Bateloe History, Family Crest & Coats of Arms

The name Bateloe is part of the ancient legacy of the Anglo Saxon tribes of Britain. The first people to bear this distinguished name lived at Badley, a parish, in the union and hundred of Bosmere and Claydon, E. division of Suffolk, [1] or at Baddeley Green in Staffordshire. The latter dates back to 1227 when it was known as Baddilige and literally meant "woodland clearing or a man called Badda." [2]

Other sources note that the family could have originated at Baddiley, a parish in Cheshire, near Nantwich. [3] [4] [5]

Early Origins of the Bateloe family

The surname Bateloe was first found in Hampshire where Robert de Badelea was listed in the Pipe Rolls of 1187. Later, Gilbert de Badele was found in the Assize Rolls for Lancashire in 1227 and John de Baddyleye in the Subsidy Rolls for Staffordshire in 1327. [6]

The Hundredorum Rolls of 1273 include William de Badeleye, Essex and Geoffrey de Badele, Suffolk. [3]

Robert de Badele, Norfolk, Henry III— Edward I was listed in the Testa de Nevill, sive Liber Feodorum, temp. Henry III-Edward I. [7]

Early History of the Bateloe family

This web page shows only a small excerpt of our Bateloe research. Another 93 words (7 lines of text) covering the years 1608, 1703, 1646, 1708, 1688, 1708, 1648, 1704, 1650, 1653 and 1650 are included under the topic Early Bateloe History in all our PDF Extended History products and printed products wherever possible.

Bateloe Spelling Variations

Sound was what guided spelling in the essentially pre-literate Middle Ages, so one person's name was often recorded under several variations during a single lifetime. Also, before the advent of the printing press and the first dictionaries, the English language was not standardized. Therefore, spelling variations were common, even among the names of the most literate people. Known variations of the Bateloe family name include Baddely, Baddeley, Baddiley, Badley, Badly, Badely, Badgely, Badlely and many more.

Early Notables of the Bateloe family (pre 1700)

Distinguished members of the family include John Battely (Batteley) (1646-1708), an English antiquary and clergyman, Archdeacon of Canterbury (1688-1708); and his brother Nicholas Battely (1648-1704), an English clergyman and antiquary, editor of William Somner’s Cantuaria Sacra. Richard Baddeley...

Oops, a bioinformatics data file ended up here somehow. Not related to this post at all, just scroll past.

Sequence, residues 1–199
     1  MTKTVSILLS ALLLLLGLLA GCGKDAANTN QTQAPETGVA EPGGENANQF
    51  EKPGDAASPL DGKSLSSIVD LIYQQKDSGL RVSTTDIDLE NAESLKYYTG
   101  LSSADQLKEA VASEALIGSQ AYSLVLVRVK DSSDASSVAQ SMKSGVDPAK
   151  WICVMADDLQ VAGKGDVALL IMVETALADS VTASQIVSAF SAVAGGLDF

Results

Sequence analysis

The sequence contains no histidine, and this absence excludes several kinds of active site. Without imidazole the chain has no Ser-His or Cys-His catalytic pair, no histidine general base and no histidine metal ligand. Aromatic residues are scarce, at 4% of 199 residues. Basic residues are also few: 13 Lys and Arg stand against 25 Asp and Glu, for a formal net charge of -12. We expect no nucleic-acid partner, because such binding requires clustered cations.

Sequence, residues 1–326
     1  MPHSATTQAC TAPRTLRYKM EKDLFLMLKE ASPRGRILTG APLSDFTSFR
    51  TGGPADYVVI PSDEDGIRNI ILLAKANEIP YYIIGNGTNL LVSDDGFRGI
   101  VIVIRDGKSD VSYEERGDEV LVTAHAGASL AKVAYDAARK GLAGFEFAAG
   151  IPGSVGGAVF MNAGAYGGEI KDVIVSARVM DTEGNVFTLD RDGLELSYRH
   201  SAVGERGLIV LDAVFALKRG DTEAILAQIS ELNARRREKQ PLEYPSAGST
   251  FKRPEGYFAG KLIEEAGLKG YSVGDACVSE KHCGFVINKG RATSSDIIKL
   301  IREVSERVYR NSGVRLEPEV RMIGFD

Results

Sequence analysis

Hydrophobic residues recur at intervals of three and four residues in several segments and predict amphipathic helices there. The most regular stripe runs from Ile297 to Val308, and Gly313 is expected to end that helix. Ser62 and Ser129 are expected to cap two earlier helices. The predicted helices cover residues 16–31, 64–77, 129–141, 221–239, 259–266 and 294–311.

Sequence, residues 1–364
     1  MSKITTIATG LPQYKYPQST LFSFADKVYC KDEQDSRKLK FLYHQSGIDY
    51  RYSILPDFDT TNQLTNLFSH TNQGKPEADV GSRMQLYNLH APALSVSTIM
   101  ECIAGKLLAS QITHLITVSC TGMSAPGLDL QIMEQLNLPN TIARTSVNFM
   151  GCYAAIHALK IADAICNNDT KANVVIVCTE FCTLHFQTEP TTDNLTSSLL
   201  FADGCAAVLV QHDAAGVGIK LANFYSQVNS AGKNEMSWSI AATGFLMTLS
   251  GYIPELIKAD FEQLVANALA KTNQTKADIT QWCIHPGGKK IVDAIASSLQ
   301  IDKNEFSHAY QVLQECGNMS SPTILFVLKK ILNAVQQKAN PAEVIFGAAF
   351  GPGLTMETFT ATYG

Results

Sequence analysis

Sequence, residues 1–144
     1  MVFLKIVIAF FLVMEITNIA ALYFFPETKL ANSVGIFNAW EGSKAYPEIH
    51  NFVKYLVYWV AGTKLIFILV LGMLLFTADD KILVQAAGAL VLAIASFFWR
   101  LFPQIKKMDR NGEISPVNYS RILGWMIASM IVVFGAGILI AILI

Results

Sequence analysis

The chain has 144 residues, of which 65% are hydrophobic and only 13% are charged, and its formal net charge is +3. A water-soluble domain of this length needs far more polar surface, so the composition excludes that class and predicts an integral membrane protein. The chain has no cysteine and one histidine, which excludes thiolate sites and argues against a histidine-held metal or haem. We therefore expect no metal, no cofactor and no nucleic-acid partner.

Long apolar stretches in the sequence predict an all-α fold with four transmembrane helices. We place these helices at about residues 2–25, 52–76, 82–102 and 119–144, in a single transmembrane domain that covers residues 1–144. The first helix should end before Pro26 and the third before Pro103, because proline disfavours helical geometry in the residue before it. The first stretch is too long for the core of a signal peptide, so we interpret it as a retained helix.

Another 36 words (3 lines of text) are included under the topic Early Bateloe Notables in all our PDF Extended History products and printed products wherever possible.

Migration of the Bateloe family

For political, religious, and economic reasons, thousands of English families boarded ships for Ireland, the Canadas, the America colonies, and many of smaller tropical colonies in the hope of finding better lives abroad. Although the passage on the cramped, dank ships caused many to arrive in the New World diseased and starving, those families that survived the trip often went on to make valuable contributions to those new societies to which they arrived. Early immigrants bearing the Bateloe surname or a spelling variation of the name include : John Badeley who settled in Virginia in 1623; Thomas Badley settled in Virginia in 1642; Tom Badgley settled in San Francisco, California, in 1852.



  1. ^ Lewis, Samuel, A Topographical Dictionary of England. Institute of Historical Research, 1848, Print.
  2. ^ Mills, A.D., Dictionary of English Place-Names. Oxford: Oxford University Press, 1991. Print. (ISBN 0-19-869156-4)
  3. ^ Bardsley, C.W, A Dictionary of English and Welsh Surnames: With Special American Instances. Wiltshire: Heraldry Today, 1901. Print. (ISBN 0-900455-44-6)
  4. ^ Barber, Henry, British Family Names London: Elliot Stock, 62 Paternoster Row, 1894. Print.
  5. ^ Lower, Mark Anthony, Patronymica Britannica, A Dictionary of Family Names of the United Kingdom. London: John Russel Smith, 1860. Print.
  6. ^ Reaney, P.H and R.M. Wilson, A Dictionary of English Surnames. London: Routledge, 1991. Print. (ISBN 0-415-05737-X)
  7. ^ Testa de Nevill or "Liber Feodorum" or "Book of Fees," thought to have been written by Ralph de Nevill, for King John (1199–1216)


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